MIAMI -- Another quality start for the Marlins turned into an all-too-familiar type of loss.
Henderson Alvarez regrouped from a slow start and finished up strong, allowing two runs in seven innings. But a lack of run support, the theme of the season, was again the issue for Miami in a 2-1 loss Tuesday night to the Phillies at Marlins Park.
The decisive inning turned out being the first for Alvarez, who walked three and gave up both runs before the Marlins made a trip to the plate.
"The key for a guy like Henderson is to learn from each start," Miami manager Mike Redmond said. "He's had one inning, one bump in the road, it seems like every single outing that kind of costs him the game or a couple of runs, or the big inning. Like any pitcher, you look at that, and say, 'I've got to eliminate that big inning.'"
From there, the right-hander settled and was sparkling, scattering five total hits while striking out five. His 109 pitches were a season high. Normally a strike thrower, Alvarez was hurt by his rare wild first inning.
Of his first 26 pitches, only 12 were for strikes.
"The first inning, I was a little out of control. I walked three. I'm not a pitcher who walks a lot of guys," Alvarez said in Spanish. "I was pitching from behind, and my mechanics were a little too sped up."
The Phillies got the rally going on Jimmy Rollins' one-out double. Alvarez then encountered a wild stretch, walking Chase Utley and Domonic Brown to load the bases. A third consecutive walk, to Darin Ruf, forced home a run. Kevin Frandsen's RBI groundout to shortstop put Miami in a two-run deficit.
Encouraging signs followed in the penultimate start for Alvarez (4-6). The right-hander showed good velocity, reaching 96 mph, and he was able to work deep into the game. It's something to build on for his last appearance, which will be Sunday's finale against the Tigers.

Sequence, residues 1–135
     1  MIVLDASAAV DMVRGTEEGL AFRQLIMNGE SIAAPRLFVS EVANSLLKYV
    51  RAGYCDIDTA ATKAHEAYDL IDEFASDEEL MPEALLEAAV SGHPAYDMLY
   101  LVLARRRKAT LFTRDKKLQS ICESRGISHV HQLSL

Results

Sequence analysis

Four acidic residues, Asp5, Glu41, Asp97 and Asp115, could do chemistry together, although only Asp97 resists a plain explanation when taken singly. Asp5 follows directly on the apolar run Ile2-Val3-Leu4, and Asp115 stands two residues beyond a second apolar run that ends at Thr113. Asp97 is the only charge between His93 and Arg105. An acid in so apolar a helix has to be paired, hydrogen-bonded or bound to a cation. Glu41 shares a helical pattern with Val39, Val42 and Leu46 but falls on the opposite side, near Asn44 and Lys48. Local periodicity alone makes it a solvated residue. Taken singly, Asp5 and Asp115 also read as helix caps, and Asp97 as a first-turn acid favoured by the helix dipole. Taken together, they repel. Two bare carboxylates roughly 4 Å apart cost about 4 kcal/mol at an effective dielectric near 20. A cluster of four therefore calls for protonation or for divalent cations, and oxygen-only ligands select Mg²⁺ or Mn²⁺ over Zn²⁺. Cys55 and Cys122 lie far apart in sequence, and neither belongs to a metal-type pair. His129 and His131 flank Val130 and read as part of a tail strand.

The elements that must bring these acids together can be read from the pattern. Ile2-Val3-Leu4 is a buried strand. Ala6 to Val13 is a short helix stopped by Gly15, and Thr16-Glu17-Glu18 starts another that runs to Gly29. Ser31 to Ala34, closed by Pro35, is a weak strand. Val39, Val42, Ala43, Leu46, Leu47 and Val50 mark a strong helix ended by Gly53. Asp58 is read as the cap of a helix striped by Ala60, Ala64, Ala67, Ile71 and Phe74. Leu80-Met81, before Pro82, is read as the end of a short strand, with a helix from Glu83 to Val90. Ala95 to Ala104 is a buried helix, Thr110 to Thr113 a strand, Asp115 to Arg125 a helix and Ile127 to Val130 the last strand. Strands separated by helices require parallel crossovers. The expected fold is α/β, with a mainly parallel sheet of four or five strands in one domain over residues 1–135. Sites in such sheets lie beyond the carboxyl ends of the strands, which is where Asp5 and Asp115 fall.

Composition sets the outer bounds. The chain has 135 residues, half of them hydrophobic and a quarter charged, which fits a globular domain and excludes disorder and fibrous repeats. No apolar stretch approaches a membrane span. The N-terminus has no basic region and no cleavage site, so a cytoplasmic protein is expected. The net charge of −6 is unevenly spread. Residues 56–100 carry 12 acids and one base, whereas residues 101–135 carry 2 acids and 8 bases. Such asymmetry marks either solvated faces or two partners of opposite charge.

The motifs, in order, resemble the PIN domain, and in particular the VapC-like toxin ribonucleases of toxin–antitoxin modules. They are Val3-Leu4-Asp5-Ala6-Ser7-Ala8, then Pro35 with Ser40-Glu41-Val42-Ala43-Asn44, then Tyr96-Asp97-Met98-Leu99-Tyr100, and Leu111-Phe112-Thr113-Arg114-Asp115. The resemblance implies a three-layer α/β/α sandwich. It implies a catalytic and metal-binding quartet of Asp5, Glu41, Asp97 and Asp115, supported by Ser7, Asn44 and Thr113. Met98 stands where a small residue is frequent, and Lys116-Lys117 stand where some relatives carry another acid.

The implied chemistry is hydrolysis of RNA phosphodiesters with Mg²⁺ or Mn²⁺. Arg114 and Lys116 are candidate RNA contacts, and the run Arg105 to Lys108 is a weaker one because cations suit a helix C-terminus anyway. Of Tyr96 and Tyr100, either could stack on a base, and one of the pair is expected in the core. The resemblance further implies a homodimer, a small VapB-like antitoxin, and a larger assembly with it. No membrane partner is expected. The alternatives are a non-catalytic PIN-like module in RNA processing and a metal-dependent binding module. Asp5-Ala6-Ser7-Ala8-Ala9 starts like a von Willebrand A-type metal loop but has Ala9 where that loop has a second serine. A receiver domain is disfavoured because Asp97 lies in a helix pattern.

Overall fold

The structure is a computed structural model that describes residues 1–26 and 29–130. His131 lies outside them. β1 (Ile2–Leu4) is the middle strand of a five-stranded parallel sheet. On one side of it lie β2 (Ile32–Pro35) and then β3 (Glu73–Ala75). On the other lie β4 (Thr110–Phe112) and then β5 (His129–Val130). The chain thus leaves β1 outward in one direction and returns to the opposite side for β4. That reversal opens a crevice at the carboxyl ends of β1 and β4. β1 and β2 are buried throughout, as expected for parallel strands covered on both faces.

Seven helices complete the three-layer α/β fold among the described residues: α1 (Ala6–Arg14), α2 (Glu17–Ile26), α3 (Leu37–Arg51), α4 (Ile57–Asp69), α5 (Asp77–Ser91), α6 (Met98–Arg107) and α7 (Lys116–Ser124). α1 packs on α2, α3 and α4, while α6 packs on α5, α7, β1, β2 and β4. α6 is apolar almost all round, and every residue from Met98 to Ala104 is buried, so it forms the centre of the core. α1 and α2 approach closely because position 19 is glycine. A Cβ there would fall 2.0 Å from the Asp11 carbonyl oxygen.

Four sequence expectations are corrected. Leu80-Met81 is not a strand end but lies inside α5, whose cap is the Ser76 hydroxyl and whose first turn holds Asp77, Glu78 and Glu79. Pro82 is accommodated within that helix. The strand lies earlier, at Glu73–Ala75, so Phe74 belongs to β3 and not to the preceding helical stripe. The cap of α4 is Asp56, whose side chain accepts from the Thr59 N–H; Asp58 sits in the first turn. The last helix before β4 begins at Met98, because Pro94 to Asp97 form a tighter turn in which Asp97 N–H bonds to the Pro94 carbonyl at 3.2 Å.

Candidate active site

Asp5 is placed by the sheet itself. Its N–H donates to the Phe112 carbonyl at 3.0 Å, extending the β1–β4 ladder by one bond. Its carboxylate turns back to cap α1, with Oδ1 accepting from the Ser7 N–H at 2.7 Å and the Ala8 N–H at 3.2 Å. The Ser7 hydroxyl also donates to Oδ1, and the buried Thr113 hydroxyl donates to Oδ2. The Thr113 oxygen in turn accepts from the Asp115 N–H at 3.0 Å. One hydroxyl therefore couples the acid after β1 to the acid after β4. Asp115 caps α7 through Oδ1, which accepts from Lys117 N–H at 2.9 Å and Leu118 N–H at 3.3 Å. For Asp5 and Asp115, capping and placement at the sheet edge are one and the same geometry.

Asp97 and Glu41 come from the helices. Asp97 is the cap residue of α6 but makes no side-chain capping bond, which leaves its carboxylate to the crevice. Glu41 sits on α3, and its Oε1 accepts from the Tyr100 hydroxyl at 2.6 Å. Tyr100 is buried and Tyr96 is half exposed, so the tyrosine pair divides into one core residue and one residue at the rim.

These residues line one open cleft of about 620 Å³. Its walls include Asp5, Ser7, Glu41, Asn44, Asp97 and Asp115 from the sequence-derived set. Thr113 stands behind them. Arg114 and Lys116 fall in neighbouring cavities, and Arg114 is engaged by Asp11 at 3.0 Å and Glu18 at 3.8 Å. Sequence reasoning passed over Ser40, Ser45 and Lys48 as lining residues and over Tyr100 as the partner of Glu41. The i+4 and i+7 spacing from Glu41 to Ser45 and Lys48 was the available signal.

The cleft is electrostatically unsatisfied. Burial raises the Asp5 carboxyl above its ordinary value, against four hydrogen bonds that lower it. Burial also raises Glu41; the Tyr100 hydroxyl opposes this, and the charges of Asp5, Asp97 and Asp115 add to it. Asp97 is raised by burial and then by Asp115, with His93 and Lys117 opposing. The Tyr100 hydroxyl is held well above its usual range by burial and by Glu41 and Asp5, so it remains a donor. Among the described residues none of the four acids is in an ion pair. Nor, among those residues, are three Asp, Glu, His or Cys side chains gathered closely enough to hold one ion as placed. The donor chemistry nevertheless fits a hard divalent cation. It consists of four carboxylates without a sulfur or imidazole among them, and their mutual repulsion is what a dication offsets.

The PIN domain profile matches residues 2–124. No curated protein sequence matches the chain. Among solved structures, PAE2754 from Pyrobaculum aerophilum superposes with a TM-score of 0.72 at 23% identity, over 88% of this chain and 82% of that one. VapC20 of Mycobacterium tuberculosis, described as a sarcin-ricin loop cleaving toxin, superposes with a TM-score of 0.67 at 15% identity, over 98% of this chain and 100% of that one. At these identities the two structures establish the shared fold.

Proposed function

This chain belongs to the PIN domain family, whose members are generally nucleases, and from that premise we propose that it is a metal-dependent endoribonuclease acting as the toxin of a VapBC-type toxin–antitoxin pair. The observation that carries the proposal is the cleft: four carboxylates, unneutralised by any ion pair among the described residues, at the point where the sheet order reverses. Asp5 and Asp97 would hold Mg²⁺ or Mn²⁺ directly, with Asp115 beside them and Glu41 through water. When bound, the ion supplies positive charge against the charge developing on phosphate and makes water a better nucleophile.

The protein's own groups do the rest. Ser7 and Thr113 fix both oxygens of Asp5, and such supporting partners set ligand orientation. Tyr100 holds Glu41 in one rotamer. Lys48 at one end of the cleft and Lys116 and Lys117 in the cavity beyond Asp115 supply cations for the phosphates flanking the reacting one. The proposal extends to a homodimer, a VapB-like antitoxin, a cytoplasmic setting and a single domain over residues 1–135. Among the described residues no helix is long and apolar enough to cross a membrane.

"He's a good-looking pitcher," Phillies manager Ryne Sandberg said. "He had good stuff -- a good live fastball. He stayed ahead of the hitters. Two-seam fastball got a lot of ground balls. He pitched a nice ball game."
From a team perspective, the setback means Miami has reached an unenviable milestone. No longer are the 1998 Marlins, who lost 108 games, the only squad in franchise history to reach the century mark in losses.
The Marlins are now 58-100 with four games remaining.
"I was trying to come up with something clever to say when you lose your 100th game of the season," Redmond said. "All I could come up with was, at least it was by one run.
"I guess that shows that we're in the games, and that's maybe a moral victory for us. But at the end of the day, it's still a loss."
After losing 93 games a year ago, the Marlins redirected. They are relying on young players, like Christian Yelich, who was 1-for-4 on the night.
Yelich, 21, says the players have played hard and stuck together through adversity.
"It just didn't happen this year; we lost 100 games," Yelich said. "You can kind of learn from it. It's still not a lost year, even though we lost 100 games. There are guys in here who've gotten some experience."
Phillies starter Zach Miner was staked to a two-run lead before he threw a pitch, but did not qualify for the win because he didn't last the necessary five innings. In four innings, he gave up one run on four hits.
Miami trimmed its deficit in half in the second on Justin Ruggiano's RBI double to left-center, which scored Giancarlo Stanton, who ripped a shattered-bat single to center to lead off.
Ruggiano had a chance to remain on second, in scoring position, with no outs. But he was aggressive, trying to reach third in anticipation of a throw home. The relay was cut off, and Ruggiano was out easily.
"I told him, you just have to understand how many outs there are," Redmond said. "He was in scoring position and just got a little bit too aggressive. You can't fault him for trying to get to third, but the play is in front of him there. That's a learning moment for him -- just make sure that he understands how many outs there are and the situation of the game."
The Marlins stranded runners in scoring position in the third, fourth and sixth innings.
"It's not for lack of effort," Yelich said. "No one has mailed it in or cashed it in. I feel like everyone plays hard every night. It just hasn't happened for us sometimes."